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Increasing Importance of Aftermarket Parts Authors: G Maheswaran & C. Rakesh Gopal, Miebach Consulting India
Increasing Importance of Aftermarket Parts Authors: G Maheswaran & C. Rakesh Gopal, Miebach Consulting India

Increasing Importance of Aftermarket Parts

Authors: G Maheswaran & C. Rakesh Gopal, Miebach Consulting India Pvt. Ltd.

November 2012

Increasing Importance of Aftermarket Parts Authors: G Maheswaran & C. Rakesh G opal, Miebach Consulting

Increasing Importance of Aftermarket Parts

Authors: G Maheswaran & C. Rakesh Gopal, Miebach Consulting India Pvt. Ltd.

The Indian automobile industry has grown from license raj to a completely free market. Till the eighties, the Indian automobile market was purely supply-driven and dominated by very few players. With very few models to choose from, the buying decision was influenced more by vehicle availability (shorter waiting time) rather than the cost of maintenance and parts availability. The industry was opened up for global players in the eighties and nineties. As a result, the Indian automobile market has been flooded with over fifty Original Equipment Manufacturers (OEMs) offering product portfolios ranging from two wheelers, passenger cars, utility vehicles, commercial vehicles and farm equipments. Such a competitive environment has resulted in changes in the market dynamics. Like in developed markets, even the Indian auto customers have started evaluating products based on serviceability and maintenance cost in addition to product attributes and buying price. Customers expect the OEMs to offer extensive service network, instant availability, and affordability of aftermarket parts.

This change in market dynamics has in turn transformed the outlook of OEMs towards aftermarket parts business. Even the Indian OEMs have started to focus on aftermarket parts and service network in addition to the product features. Moreover, aftermarket parts business is considered as a cash cow due to the very high margins ranging from 30% to 50% depending on the part. OEM’s aftermarket parts business is primarily a trading activity with very low value addition like kitting and repackaging. Since there is no manufacturing and new product designing, the core function of the aftermarket business is SCM, with sales and marketing being support functions. This is evident from the fact that the organizational KPI (Key Performance Index) is First Fill Rate (FFR) which is nothing but the %of order lines available in full at stocking points at any given time. In matured automobile markets, the FFR is monitored closely by top the top management including the board of directors of the company. Global benchmark of FFR is over 90% with a part complexity of over 100,000 part lines where as the same in Indian auto companies averages around 70% with much lower number of parts. Sensing the importance of FFR, few auto majors like M&M have created separate business units for aftermarkets with direct representation at the board of directors.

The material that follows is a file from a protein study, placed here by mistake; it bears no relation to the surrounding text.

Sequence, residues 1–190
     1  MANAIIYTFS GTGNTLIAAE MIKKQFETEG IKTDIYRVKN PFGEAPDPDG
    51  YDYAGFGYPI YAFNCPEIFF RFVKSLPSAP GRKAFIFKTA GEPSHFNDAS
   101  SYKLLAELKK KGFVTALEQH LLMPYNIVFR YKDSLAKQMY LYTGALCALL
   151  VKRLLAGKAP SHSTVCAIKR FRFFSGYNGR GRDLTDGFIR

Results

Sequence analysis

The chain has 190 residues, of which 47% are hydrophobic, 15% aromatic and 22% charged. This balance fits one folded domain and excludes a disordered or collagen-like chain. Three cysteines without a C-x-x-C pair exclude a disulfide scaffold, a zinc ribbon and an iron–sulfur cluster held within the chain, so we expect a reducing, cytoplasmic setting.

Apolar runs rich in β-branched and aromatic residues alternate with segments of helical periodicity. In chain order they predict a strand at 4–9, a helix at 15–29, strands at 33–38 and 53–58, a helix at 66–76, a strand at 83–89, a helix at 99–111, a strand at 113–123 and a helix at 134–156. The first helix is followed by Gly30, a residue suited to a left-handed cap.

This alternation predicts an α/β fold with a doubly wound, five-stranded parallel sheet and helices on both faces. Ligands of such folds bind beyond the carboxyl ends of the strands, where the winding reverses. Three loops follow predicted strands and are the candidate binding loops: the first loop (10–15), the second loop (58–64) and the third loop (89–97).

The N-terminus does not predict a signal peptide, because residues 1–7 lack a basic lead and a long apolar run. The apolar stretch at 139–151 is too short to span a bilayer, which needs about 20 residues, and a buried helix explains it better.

According to Miebach’s research in 2010, the Indian Aftermarket industry is estimated to be around USD 10 billion or Rs. 47,000 crores. The auto component manufacturer and aftermarket business of OEMs account for 45% and 35% respectively where as the spurious or the fake suppliers account for the remaining 20%.